Dana: First of all, congrats! How did you get booked for these shows?
Joe: Thank you. I have Molly Schminke, the talent booker for The Punch Line and Cobb's, to thank for recommending me. After that, I got checked out online via Youtube, and then one day I got an email.
How does this gig stack up to your appearances on NBC's Last Comic Standing and Comedy Central's Live at Gotham?
Live at Gotham was my first T.V. appearance. I was excited, nervous, and I remember trying to keep all the stage direction straight in my head while I did my act. When it was done, it was a bit of a let down because I didn't feel present. Last Comic Standing was exciting just because it was a chance to be seen by millions of people. When the show I was on aired, I spent three days returning emails from people all over the country. It was a taste of what real fame must be like. I won't be seen on Comedy Central for any of these specials, so its just about having fun and setting up the comics who will be filmed with a hot crowd.
What about this gig is uniquely exciting for you?
Being at the Fillmore is a big deal. It is a beautiful venue. You can't walk out on that stage and not feel special. It will be cool to watch all the behind-the-scenes adventure, too. A small army will essentially take over every aspect of the place for a week. When an audience looks around and sees several multi-million dollar cameras, lights, and they're there to see someone they admire as a stand-up, the energy in the room is incredible. I would have to work to mess this up. I get to step out into that energy and play with it for a while before bringing out the star. It's my chance to shine and my chance to get my name out to a hard core comedy loving audience.
What about this gig is uniquely frightening or nerve-wracking for you?
I feel like I am the Justice of the Peace at a wedding. I'm not the star, but I'm important. If I mess up and the crowd isn't warmed up because I bomb or something happens and I can't roll with it, it sets a weird tone for the show. I would feel awful if I had to hand a crappy crowd off to a fellow comic who now has to record a special in front of them.
I imagine you've already had to deal with some red tape with CC in preparation for the tapings? Anything contract-wise that you think is notable or unexpected?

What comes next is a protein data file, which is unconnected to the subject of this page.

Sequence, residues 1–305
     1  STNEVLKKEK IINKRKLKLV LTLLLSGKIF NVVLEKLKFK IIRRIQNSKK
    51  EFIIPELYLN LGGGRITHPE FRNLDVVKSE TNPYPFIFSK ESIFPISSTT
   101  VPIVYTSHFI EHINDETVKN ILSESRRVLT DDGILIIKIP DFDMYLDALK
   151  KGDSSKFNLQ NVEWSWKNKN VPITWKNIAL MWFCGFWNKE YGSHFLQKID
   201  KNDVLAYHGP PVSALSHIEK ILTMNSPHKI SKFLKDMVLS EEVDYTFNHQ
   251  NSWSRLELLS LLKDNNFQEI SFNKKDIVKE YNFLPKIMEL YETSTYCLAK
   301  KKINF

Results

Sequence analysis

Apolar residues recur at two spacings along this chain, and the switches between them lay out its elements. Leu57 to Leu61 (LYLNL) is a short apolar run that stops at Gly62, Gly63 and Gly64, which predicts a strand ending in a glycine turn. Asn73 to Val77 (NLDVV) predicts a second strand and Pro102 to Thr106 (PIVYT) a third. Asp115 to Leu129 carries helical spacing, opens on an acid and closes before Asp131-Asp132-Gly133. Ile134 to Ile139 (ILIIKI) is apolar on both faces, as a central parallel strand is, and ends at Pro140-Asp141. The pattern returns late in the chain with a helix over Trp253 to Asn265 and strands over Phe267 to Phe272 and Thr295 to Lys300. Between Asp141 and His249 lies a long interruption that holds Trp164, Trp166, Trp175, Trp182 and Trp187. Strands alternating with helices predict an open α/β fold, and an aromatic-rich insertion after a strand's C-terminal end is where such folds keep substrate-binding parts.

Actually, it's been really easy so far. There is a lot of email I'm cc'd on that I have nothing to do with, but so far it's a standard performance contract. I am bringing my camera with me and plan to film as much as I can get away with to post on my website when it's all done. I probably shouldn't, and when I asked I was told they want to think about it -- so maybe the adventure with red tape is just starting.
I've only seen you as a headliner, and you're well-known for being quick on your feet with crowd work. How does that play out when you're the opening act?
I love to riff with a crowd and I think a good comic has to roll with the circumstances. I might do some of that if the crowd is in the moment and having fun. Going from headlining to opening can sting the ego a little bit, sure, but some of the biggest gigs in the entertainment industry are hosting gigs. I wouldn't turn down the Academy Awards Show.
You're a staple in the Bay Area comedy scene, but you have worked the road, as well. What about the Bay Area scene do you love that keeps you here?
I am actually about to do a two-month tour in the Midwest starting in July, so I do leave when it's fun and the money is right. The reason I stay in SF is that I am a stand-up comic first and whatever else the business side of comedy wants from me second. That, and funny matters here. There is a direct focus on funny, original, unique and topical acts. SF produces some of the smartest and most original comedic voices out there. Sadly, this isn't true of every place.
What impact do you think things like these Comedy Central tapings have on the local comedy scene?
It's exciting that San Francisco is the town they are filming in. It also means Comedy Central knows there is a smart, hip, cool audience here for stand-up. For the comics, it's a chance to see the industry up close and makes you want to reach that level. I think it inspires anyone who is a comic to see something of this magnitude filmed in your backyard.
Anything you'd like to add that I haven't mentioned?
I'm single. And my website: http://standupjoe.com
Thanks for talking with us, Joe, and good luck this week!
FREE tickets are still available here! Get a chance to see a T.V. taping first-hand, plus a free performance from these incredible comedians:
Wed, 6/20: Kyle Kinane
Thurs, 6/21: Eugene Mirman
Fri, 6/22: Kristen Schaal
Sat, 6/23: Amy Schumer
Shows are at 6:30 p.m. and 9:00 p.m. each night. Klocek will open all shows Wednesday through Friday.
Awkward Silence is a weekly column covering local stand-up comedy in San Francisco.